Per 3.5 ounces (100 grams) of cooked oatmeal flakes, oats contain approximately 3.6 grams of resistant starch.
Rice is an excellent source of resistant starch, particularly if it is allowed to cool down after it has been cooked.
Whole grains that come from nature can be good sources of fiber, resistant starch, and other nutrients.
Beans, also called legumes, are a great way to get fiber and resistant starch. Most can give you between 1 and 5 grams of resistant starch per serving.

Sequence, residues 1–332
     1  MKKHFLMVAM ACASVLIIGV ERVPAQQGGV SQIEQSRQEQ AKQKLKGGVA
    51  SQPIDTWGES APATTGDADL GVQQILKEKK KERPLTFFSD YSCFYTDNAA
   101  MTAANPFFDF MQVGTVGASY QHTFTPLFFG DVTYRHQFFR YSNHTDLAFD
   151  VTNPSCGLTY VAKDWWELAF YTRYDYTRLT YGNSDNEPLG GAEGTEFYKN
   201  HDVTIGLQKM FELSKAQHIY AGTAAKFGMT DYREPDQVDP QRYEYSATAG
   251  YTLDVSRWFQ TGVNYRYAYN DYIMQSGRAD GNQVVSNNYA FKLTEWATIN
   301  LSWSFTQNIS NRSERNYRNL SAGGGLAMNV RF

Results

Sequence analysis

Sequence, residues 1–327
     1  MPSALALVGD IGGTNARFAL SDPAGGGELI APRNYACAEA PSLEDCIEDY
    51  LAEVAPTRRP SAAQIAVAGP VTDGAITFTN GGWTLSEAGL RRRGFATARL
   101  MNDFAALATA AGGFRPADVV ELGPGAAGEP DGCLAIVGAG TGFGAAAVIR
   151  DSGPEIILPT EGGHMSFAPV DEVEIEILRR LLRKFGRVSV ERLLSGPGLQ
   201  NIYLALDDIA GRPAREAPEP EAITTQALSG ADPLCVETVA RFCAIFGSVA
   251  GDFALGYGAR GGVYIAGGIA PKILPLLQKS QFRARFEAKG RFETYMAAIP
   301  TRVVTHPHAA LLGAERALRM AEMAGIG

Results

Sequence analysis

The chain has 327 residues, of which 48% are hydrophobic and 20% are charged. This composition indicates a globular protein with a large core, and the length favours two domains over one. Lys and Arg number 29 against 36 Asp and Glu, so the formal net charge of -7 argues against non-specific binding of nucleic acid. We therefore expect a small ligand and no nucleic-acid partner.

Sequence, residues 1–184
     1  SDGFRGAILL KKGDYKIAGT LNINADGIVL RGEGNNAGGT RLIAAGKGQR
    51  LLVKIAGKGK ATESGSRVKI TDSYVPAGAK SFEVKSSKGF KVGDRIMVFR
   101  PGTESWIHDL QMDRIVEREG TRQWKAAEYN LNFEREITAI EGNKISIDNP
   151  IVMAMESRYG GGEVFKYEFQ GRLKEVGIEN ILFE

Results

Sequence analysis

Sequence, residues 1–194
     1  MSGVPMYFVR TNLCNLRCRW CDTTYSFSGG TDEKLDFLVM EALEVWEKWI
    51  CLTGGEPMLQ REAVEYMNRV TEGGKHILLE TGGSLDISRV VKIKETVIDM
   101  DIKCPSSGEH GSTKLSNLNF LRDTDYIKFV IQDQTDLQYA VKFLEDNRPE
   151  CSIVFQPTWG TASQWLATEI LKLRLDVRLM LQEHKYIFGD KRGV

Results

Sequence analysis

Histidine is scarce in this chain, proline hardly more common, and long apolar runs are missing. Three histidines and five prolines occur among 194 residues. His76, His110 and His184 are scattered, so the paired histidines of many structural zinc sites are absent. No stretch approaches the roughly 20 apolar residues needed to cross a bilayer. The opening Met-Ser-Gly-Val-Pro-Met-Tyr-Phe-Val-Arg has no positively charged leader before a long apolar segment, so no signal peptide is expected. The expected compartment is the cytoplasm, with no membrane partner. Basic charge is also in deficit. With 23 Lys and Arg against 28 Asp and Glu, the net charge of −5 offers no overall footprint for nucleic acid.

The most concentrated form of resistant starch is potato starch. Try putting 1–2 tablespoons into yogurt or smoothies every day.
The amount of resistant starch found in potatoes can be significantly increased by first cooking them and then letting them cool.
There is a high concentration of resistant starch in green bananas; however, this starch is converted into simple sugars as the bananas ripen.
Cooking and cooling starchy foods increases resistant starch. Pasta, sweet potatoes, and corn tortillas are resistant starch-rich.